Summer 2020-21

Dry for much of the country, near average temperatures

Rainfall 

Summer rainfall was below normal (50-79% of normal) or well below normal (<50% of normal) for the majority of the North Island, and much of the northern half of the South Island. Above normal summer rainfall (120-149% of normal) was observed in eastern parts of central and north Otago. Summer rainfall was typically near normal elsewhere (80-119% of normal).

Temperature

Summer temperatures were near average (±0.50°C of average) for the majority of New Zealand. Above average temperatures (+0.51°C to +1.20°C of average) were observed in parts of northern Auckland, Waikato, Bay of Plenty, and a few isolated locations in Hawke’s Bay, Tasman, Canterbury and Otago.

Soil moisture

Below normal soil moisture levels were a prominent theme throughout the season, which reflected the lack of rainfall observed in many areas.  The main exceptions were coastal parts from Taranaki to Wellington in December, parts of Otago and Southland in January, and parts of the Far North in February where soil moisture levels were temporarily above normal due to notable rainfall events. At the end of summer, soil moisture levels were below or well below normal across most of the country.

Overview

Summer 2020-21 was characterised by lower than normal mean sea level pressure east of the North Island, with above normal pressure in the Tasman Sea. This pressure set up was associated with a slight southwest airflow anomaly for most of Aotearoa New Zealand. This airflow pattern was influenced by a non-traditional variety of La Niña in the tropical Pacific - typically, New Zealand experiences more northeasterly winds during La Niña summers.

It was a dry summer for much of the country, especially in parts of Waikato, Bay of Plenty, Hawke’s Bay, Wairarapa and Marlborough where rainfall totals were well below normal (<50% of the summer normal). Summer rainfall was typically below normal (50-79% of the summer normal) for the remainder of the North Island, although near normal rainfall was observed in parts of Taranaki, Manawatū, Kapiti Coast and Wellington. Summer rainfall was below normal or near normal (80-119% of the summer normal) in most of the South Island.  The exception was eastern parts of central and north Otago, where above normal rainfall was observed (120-149% of the summer normal).  This was largely as a result of heavy rainfall over several days early in January, which caused widespread flooding issues in Otago (see Highlights and extreme events section for further details). The lack of rainfall compared to normal contributed to below normal soil moisture levels for many parts of New Zealand throughout summer.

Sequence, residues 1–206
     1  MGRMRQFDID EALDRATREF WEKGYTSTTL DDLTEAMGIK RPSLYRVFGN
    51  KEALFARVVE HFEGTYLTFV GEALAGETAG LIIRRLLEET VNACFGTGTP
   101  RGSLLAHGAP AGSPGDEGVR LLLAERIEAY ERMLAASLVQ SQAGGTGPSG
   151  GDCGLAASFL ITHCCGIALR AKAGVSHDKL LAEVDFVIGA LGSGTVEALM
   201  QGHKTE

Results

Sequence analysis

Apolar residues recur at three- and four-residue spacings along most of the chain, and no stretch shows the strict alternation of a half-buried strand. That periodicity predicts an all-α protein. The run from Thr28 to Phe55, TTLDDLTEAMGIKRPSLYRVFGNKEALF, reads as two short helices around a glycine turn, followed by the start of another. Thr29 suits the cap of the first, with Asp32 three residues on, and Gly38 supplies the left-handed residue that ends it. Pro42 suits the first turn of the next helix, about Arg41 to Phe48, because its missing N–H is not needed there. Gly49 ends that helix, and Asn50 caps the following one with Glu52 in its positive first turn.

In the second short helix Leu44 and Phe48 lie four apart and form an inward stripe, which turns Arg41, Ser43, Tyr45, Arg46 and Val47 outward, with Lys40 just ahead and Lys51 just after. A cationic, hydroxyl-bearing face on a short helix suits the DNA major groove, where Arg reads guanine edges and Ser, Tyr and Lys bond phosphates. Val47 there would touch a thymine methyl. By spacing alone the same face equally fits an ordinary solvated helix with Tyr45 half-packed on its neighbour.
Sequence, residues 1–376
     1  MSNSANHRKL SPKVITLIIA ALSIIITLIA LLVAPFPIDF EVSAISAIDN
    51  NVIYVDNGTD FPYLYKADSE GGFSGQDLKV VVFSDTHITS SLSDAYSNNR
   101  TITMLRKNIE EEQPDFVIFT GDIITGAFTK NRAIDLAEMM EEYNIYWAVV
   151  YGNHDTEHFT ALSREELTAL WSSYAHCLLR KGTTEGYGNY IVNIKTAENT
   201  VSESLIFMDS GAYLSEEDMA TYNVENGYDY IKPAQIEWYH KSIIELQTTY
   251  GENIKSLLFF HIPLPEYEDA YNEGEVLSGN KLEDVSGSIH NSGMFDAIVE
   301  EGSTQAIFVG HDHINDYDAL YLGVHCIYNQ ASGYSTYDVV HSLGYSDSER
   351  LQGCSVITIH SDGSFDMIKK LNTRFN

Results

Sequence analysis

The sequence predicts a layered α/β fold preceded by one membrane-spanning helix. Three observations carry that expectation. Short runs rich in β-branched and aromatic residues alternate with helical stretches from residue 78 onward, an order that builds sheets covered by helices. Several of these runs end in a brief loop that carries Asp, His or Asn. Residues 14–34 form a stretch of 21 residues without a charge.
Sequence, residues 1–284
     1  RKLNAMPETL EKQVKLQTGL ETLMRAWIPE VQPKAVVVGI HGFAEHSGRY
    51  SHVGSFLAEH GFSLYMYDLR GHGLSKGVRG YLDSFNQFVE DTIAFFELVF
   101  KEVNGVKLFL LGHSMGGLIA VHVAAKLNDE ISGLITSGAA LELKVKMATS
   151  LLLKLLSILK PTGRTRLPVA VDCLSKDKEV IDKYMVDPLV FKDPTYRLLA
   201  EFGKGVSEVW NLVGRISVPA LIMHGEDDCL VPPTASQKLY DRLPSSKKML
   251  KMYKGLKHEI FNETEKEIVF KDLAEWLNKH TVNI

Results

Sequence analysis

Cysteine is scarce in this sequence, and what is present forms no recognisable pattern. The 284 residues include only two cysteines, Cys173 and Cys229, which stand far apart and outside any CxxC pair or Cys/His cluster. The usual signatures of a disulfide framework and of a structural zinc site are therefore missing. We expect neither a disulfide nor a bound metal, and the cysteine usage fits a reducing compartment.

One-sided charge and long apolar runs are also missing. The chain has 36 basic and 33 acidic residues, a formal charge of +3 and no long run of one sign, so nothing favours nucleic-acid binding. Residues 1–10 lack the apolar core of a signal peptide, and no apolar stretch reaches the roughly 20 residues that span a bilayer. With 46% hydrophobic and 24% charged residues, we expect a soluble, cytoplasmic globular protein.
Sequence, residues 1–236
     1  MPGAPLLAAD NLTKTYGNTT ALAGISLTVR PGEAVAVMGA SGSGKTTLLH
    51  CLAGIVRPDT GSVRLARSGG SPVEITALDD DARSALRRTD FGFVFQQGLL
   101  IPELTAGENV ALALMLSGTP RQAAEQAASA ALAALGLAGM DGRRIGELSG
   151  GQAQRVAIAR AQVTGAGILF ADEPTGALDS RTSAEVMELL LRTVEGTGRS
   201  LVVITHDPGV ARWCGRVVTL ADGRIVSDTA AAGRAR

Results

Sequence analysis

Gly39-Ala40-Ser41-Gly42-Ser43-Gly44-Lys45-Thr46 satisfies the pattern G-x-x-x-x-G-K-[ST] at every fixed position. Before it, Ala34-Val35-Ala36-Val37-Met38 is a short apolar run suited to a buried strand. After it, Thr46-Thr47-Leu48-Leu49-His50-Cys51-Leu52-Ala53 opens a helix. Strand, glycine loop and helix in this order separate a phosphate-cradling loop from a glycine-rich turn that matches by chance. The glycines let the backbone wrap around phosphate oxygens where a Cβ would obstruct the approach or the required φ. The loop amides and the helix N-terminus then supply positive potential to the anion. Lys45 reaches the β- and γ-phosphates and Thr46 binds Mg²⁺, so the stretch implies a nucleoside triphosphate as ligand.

Summer temperatures were near average (-0.50°C to +0.50°C of the summer average) for the majority of New Zealand. This was reflected in the nationwide average temperature which was 16.9˚C (0.2°C warmer than the 1981-2010 summer average, using NIWA’s seven-station temperature series which begins in 1909). Exceptions to the near average temperatures occurred in parts of northern Auckland, Waikato, Bay of Plenty, and a few isolated locations in Hawke’s Bay, Tasman, Canterbury and Otago. These locations observed above average temperatures (+0.51°C to +1.20°C of the summer average). Although mean temperatures were relatively unremarkable, exceptionally hot temperatures were recorded in eastern parts of New Zealand in late-January. Ashburton recorded a maximum temperature of 39.3°C on 26 January, which is equal to New Zealand’s 11th-hottest temperature on record. On this day, 11 stations in the eastern South Island recorded maximum temperatures above 37.0°C.

Further Highlights:

  • The highest temperature was 39.3˚C, observed at Ashburton on 26 January. This equalled New Zealand’s 11th-hottest temperature on record.
  • The lowest temperature was -2.3˚C, observed at Lake Tekapo on 27 December.
  • The highest 1-day rainfall was 132 mm, recorded at Arthur’s Pass on 19 January.
  • The highest wind gust was 180 km/h, observed at Cape Turnagain on 12 December.
  • Of the six main centres, Tauranga was the warmest, sunniest and driest, Wellington was the wettest and least sunny, and Dunedin was the coolest.
  • Of the available, regularly reporting sunshine observation sites, the sunniest four locations in 2021 so far are Taranaki (602 hours), Marlborough (573 hours), Hawke’s Bay (564 hours) and Bay of Plenty (559 hours).

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